Nanette Frances Steinhauser Mayer, 94, passed away Friday, March 9, 2018, in Miami, Florida. She was a founding member and lifelong supporter of An Appalachian Summer Festival and the Turchin Center for the Visual Arts at Appalachian State University. She and her husband, Budd — both honorary alumni — gave of their time as well, serving on boards for both the summer festival and the Turchin Center.
“Appalachian has been proud to claim the Mayers as valued members of the university family for more than 25 years,” Chancellor Sheri Everts said. “Through their family’s foundation, they generously supported a broad cross section of important arts and humanities programs.”
A West Wing gallery in the Turchin Center bears the Mayers’ name and displays works by nationally and internationally renowned visual artists, as well as many of the finest artists of the region.
The Mayers set a high bar for philanthropy. In addition to their support of the arts at Appalachian, many other areas on campus have benefitted from their generosity, including the Center for Judaic, Holocaust and Peace Studies, Belk Library and Information Commons, the Department of Theatre and Dance, the Hayes School of Music and the Yosef Club.
In 2012, both Mayers were awarded honorary doctorate degrees. Honorary degrees are awarded for broad support of university programming that has made a difference in the lives of students and the quality of life for residents across the High Country.
An art-centered life
Nanette Mayer was born in 1924 in Youngstown, Ohio, and grew up in Pittsburgh, Pennsylvania, where her father, Si Steinhauser, was a well-known newspaper columnist. She had many fond memories of a happy childhood spent amongst luminaries like Tommy Dorsey and Frank and Nancy Sinatra, who knew her father.
She is preceded in death by her husband, who passed away in 2016. The couple married in 1945, following his service in the Special Services of the Air Corps during World War II. They were married for 70 years. The Mayers moved to Arlington, Virginia, and then Baltimore, Maryland, where their daughter, Riki, was born. Two years later, the Mayers moved to Miami, Florida, where their son, Robert, was born in 1952.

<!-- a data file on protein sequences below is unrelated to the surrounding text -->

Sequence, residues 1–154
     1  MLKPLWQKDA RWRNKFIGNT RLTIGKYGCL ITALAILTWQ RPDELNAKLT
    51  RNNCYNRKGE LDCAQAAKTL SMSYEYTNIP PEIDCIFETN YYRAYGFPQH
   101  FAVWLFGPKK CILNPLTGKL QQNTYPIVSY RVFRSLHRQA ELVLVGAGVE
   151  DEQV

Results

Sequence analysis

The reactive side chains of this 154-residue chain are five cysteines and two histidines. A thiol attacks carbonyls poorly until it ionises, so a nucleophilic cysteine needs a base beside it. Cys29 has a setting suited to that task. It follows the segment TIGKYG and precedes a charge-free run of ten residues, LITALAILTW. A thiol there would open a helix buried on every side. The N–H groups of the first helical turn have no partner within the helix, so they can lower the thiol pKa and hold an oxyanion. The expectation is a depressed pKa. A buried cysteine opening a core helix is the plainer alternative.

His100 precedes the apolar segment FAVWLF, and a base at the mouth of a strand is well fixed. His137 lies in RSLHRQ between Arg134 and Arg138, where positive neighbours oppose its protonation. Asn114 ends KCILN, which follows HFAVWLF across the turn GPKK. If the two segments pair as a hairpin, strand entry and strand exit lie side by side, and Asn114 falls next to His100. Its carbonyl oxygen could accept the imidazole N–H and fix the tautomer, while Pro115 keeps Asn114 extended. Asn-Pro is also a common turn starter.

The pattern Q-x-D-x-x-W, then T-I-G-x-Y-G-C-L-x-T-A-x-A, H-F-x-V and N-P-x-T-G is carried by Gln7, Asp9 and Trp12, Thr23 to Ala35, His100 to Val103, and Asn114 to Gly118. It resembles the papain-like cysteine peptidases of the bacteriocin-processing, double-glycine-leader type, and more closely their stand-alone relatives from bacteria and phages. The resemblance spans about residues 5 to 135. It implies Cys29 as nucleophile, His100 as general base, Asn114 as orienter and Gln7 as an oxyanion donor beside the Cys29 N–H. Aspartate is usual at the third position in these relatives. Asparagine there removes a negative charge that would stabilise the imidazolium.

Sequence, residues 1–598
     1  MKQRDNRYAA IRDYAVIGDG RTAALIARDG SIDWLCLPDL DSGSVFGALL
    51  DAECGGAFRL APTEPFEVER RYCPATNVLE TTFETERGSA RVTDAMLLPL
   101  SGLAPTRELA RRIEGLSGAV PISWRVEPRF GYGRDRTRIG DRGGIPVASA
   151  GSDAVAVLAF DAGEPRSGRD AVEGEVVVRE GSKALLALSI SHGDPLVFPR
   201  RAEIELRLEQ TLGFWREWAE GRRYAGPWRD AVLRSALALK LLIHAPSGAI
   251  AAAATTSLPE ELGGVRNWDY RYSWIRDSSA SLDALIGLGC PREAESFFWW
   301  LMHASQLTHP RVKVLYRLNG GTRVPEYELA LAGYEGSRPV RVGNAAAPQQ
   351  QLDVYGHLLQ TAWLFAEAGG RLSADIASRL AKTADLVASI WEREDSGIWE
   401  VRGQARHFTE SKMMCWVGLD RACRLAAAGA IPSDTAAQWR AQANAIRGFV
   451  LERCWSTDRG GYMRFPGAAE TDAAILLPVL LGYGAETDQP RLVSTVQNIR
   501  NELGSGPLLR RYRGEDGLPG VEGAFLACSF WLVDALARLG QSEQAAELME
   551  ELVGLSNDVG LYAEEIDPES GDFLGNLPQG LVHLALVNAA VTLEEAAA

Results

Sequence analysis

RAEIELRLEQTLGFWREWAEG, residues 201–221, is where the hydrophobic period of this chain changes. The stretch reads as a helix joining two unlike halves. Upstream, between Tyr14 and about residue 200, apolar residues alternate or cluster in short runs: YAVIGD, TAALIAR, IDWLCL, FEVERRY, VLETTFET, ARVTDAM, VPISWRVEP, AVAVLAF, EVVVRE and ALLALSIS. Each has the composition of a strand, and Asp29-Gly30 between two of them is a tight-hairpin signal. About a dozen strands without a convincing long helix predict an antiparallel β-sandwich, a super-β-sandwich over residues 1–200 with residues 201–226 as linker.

Nanette Mayer served as her husband’s right hand as he built a highly successful business, but the arts were never far from the center of her life. A lover of dance, she served as an Arthur Murray ballroom instructor, and later opened an interior design firm, building on her keen artistic instincts and an impeccable sense of style, to create exquisite design plans and physical spaces.
Following retirement, the Mayers divided their time between homes in South Florida and the mountains of North Carolina.
Reflecting on her friend’s life, Denise Ringler, director of arts engagement and cultural resources at Appalachian, said, “Nanette surrounded herself with art and music that brought joy to her life and focused her energy on what really mattered: the people around her. Her progressive worldview was sparked by an intellectual curiosity and love of learning that remained with her throughout life and ignited her passion for philanthropy and social responsibility.”
Nanette Mayer is survived by her daughter, Riki Alexander, and her grandson, Taro Alexander; Robert Mayer and his wife, Pat, along with their children, Andy, Daniel and Kevin Mayer; as well as eight great-grandchildren.
About the Turchin Center for the Visual Arts
Located on 423 W. King St. at the crossroads of campus and community, the Turchin Center for the Visual Arts at Appalachian State University engages visitors in dynamic and accessible exhibition, education, outreach and collection programs. These programs inspire and support a lifelong engagement with the visual arts and create opportunities for participants to learn more about themselves and the world around them. Hours are 10 a.m. - 6 p.m. Tuesday through Thursday and Saturday, and noon - 8 p.m. Friday. The center is closed Sunday and Monday and observes all university holidays. Admission is free, although donations are accepted. Learn more at https://tcva.appstate.edu/about/visit.
About Appalachian State University
As the premier, public undergraduate institution in the state of North Carolina, Appalachian State University prepares students to lead purposeful lives as global citizens who understand and engage their responsibilities in creating a sustainable future for all. The Appalachian Experience promotes a spirit of inclusion that brings people together in inspiring ways to acquire and create knowledge, to grow holistically, to act with passion and determination, and to embrace diversity and difference. Located in the Blue Ridge Mountains, Appalachian is one of 17 campuses in the University of North Carolina System. Appalachian enrolls more than 19,000 students, has a low student-to-faculty ratio and offers more than 150 undergraduate and graduate majors.
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